Jeff Allen and Simon Osborne of Sea Kayaking Cornwall have been running trips to the Isles of Scilly for seven years, with the idea of crossing back to the mainland. It’s 54km, the tides are complex, and a mere force two or three headwind could turn the jaunt into a genuine slog.
The first few days are spent exploring the Scillies, cruising in to yellow sands over azure seas, in startlingly clear waters, the kelp forests team with marine marvels. The rocky islands are clogged with grey seals, perched like oversized overripe bananas, surveying us as we glide past, or spyhopping from the waters. On day three we do a big day to practice for the crossing, a complete circumnavigation of the islands, 47km, no landing, eating resting and – yes – peeing in the boat. At times the tide and weather will mean we are giving everything to barely stay still. Big seas take their toll on the nerves; never being able to leave the boat means cramps, rubs, blisters and chafing.
Four hours in and we are all enjoying ourselves, relishing the challenge, and feeling strong and positive. Then we have a food stop and I check the GPS. We’ve done 18km. “We’re going to need to step this up a bit guys” Jeff says in his typically understated fashion. From here on in it doesn’t feel like a holiday. The sun disappears and a cutting crosswind chills the fingers. No one is chatting or giggling anymore. One of the girls is struggling to keep pace, so Jeff puts her on a tow. He promptly disappears over the horizon dragging her behind him.
We finish in eight hours, and head straight for the pub. There is a favourable forecast to attempt the crossing on the Thursday morning, so we need to make a plan. Charts spill across the tables between plates of deep fried Pollack and pints of ‘Proper Job’ Cornish ale. There are so many variables to take into account, tidal diamonds, springs and neaps, crosswinds and pressure systems… cerebral fluid starts to leak out of my ears.
We wake on Wednesday to terrible news. Fog! Thick dense fog is forecast to roll in the following day. However, there is still a chance, if we head out on the ebbing tide that afternoon. We break camp; hastily prepare equipment for rough bivvies and an uncertain amount of time at sea. Just over an hour after launching from St Marys and we are on the uninhabited eastern isles, looking out over the open sea towards Lands End. The sea is flat calm, the visibility is fine, and the wind is just a whisper. We are on!
There is an odd sensation to leaving the comfort of pretty, sunshine-blessed islands, and aiming your kayak out into the open sea. The nerves were much alleviated by the unnatural calmness. We paddle strict hour on, five minutes break, hour on again, but the monotony is broken by the most extraordinary parade of wildlife I have ever seen. Firstly for several hours a single fulmar banks and circles around our boats, cruising with one wing tip coursing the waves. Then the dolphins and porpoise take over. A lone bottlenose coasts past, then a sizeable pod of commons leap and play about us. And then something I never thought I’d see in British waters. A leatherback turtle, the only species that can live in these temperate waters, a reptile that has outlasted the dinosaurs and makes a living munching down jellyfish. It’s a surreal moment, even more so when it swims straight into one of my colleague’s kayaks.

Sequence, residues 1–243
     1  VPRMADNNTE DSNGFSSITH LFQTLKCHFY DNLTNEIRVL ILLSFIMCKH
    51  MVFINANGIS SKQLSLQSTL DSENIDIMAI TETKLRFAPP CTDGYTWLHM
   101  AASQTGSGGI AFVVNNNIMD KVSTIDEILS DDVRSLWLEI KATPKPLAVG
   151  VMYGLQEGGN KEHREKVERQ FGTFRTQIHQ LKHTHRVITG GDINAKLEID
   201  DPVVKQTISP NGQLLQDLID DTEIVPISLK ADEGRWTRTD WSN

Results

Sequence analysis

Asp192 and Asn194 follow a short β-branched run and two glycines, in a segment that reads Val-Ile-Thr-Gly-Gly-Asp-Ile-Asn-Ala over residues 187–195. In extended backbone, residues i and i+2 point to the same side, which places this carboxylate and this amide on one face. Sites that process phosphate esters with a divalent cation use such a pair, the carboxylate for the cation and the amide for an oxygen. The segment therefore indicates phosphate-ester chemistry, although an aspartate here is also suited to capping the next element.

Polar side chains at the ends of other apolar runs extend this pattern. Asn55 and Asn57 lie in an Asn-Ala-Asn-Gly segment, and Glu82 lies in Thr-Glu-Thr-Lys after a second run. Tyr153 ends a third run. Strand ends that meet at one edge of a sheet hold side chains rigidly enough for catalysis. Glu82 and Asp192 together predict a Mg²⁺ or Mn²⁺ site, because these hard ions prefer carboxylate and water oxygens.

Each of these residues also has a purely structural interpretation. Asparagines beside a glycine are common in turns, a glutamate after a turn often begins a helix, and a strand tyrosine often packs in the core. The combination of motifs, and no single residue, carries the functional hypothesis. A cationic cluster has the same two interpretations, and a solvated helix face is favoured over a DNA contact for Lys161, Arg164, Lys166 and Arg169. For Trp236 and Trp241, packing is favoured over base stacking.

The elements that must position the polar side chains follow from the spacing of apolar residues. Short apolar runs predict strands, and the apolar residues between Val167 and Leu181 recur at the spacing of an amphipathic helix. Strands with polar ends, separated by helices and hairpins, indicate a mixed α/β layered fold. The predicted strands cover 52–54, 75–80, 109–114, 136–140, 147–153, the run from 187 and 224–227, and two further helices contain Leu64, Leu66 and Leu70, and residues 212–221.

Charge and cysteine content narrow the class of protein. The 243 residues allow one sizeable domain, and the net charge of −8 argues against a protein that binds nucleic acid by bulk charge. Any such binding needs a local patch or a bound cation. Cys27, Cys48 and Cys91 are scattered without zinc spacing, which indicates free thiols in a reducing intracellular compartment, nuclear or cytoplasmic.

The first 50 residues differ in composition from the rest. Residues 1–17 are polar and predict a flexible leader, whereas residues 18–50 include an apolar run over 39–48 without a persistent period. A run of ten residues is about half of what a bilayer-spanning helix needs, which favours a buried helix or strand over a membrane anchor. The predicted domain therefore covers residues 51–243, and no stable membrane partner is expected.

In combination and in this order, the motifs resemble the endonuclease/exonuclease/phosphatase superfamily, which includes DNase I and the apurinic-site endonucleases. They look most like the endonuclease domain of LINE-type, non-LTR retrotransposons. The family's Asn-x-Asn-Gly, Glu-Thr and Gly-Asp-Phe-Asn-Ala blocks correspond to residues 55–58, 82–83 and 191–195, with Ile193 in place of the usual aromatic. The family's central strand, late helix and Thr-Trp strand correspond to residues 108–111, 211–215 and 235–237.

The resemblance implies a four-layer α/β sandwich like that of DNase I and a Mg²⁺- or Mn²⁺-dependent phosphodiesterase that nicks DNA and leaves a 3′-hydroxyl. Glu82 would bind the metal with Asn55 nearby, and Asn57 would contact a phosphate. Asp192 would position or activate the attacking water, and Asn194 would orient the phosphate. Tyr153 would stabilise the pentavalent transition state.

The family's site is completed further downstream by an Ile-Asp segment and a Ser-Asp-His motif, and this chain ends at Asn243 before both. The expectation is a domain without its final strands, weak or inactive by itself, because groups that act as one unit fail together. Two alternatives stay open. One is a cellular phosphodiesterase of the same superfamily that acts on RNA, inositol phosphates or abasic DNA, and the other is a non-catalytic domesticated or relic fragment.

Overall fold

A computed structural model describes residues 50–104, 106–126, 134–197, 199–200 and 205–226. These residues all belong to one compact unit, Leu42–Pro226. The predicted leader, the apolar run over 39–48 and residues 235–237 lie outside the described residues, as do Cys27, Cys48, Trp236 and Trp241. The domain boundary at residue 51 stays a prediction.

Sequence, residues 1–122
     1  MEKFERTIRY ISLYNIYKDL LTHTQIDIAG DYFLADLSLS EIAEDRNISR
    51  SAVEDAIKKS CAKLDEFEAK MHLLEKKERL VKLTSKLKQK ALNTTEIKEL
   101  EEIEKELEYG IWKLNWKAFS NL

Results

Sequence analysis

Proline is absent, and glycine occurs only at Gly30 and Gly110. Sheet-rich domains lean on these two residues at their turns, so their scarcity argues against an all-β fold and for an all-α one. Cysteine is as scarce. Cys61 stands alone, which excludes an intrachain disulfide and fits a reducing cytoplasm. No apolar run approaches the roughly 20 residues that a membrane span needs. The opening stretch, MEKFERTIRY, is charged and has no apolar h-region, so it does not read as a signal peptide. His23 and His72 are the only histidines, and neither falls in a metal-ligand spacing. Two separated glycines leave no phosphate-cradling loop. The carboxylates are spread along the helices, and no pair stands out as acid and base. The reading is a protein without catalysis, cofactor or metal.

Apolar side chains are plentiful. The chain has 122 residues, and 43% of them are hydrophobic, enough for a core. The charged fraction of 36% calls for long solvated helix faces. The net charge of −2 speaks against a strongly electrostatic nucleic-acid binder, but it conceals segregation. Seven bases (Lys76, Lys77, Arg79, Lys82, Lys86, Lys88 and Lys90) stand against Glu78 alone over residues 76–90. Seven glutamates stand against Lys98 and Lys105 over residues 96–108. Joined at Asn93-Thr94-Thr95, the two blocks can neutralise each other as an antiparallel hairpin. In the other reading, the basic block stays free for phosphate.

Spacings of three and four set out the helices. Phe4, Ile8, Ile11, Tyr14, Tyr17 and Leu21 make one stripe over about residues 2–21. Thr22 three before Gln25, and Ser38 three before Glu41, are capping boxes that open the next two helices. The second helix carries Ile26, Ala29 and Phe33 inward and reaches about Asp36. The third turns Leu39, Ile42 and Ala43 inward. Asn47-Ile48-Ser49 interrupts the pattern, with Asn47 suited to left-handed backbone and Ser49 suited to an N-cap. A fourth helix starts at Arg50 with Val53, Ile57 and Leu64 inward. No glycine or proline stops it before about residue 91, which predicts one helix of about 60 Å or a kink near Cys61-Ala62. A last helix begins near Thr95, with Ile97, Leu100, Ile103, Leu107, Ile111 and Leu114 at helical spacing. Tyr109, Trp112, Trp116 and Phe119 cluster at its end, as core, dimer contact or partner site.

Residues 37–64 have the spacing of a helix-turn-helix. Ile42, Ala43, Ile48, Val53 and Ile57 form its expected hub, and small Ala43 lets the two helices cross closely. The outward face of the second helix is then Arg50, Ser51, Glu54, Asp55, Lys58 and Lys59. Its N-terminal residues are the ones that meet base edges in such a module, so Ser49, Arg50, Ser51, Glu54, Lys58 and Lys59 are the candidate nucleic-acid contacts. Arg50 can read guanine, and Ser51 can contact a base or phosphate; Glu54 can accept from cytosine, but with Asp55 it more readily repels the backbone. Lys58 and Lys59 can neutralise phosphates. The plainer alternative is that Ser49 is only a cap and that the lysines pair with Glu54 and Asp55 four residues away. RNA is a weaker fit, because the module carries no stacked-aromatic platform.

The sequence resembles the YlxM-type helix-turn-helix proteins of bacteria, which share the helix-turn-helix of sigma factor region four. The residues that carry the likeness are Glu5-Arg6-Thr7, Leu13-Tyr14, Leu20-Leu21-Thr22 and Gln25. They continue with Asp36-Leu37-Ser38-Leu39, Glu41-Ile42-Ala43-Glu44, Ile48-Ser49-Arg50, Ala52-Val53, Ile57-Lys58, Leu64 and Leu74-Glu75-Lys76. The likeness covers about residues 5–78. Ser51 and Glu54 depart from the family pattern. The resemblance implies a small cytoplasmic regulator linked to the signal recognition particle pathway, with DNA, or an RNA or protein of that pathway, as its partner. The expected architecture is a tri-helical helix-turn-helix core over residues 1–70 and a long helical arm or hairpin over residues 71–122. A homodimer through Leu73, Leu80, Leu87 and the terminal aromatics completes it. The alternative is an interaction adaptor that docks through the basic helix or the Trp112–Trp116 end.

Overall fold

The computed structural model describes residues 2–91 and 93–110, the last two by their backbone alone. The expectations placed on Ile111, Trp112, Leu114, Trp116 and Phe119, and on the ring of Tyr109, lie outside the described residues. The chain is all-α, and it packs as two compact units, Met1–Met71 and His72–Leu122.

Six hours in and we are more and more glad of our hourly breaks. A paralyzing cramp in my right hamstring means I ache to stretch out, but first have to check the GPS and cram my face full of cake and pork pies. We’re making good time, but mustn’t get complacent. We are in the middle of a busy shipping lane, fog is forecast to roll in over the mainland and if we take too long the tide will swing around and be flowing against us faster than we can paddle! It’s then, as the light starts to fade that the wildlife encounters get really special. First a minke whale and her calf burst up in the middle of us, then a basking shark, more dolphins… it seems as if the sea is trying to distract us from our task. Then finally the lighthouse at Longships hoves into view.
We should be able to see land now, but the fog has totally obliterated it. Now concentration is fierce. We sound off number by number every few minutes so as not to lose anyone in the fog and night. We can hear the shore but not see it, so work purely off the compass. Sennen cove is the only place for a safe landing, and we have to avoid reefs and crashing waves in the dark, with the village lights diffuse in the gloop. It’s an edgy end to a perfect day, and we shake hands and hug on the beach, overjoyed at what we’ve achieved.
Over the next two days we ease our way back to Penzance, on one of the most dramatic paddles in the world. We paddle through natural cathedrals, arches and columns together with wind-carved statues. Skills are tested in amongst the crashing waves of our most iconic coastal cliffs. Basking sharks are everywhere, bold seals track our progress, and we wild camp on deserted coves. We catch our own supper, snagging Pollack, bream and mackerel on the hand line. I borrow a local’s spear gun, and freedive in amongst the kelp, adding a mullet to dinner.
For further information see http://www.seakayakingcornwall.com
8th annual Sea Kayaking Cornwall Symposium 2015
Main event: 10-11th Oct
Courses week: 12-16th Oct
Assessments: 17-18th Oct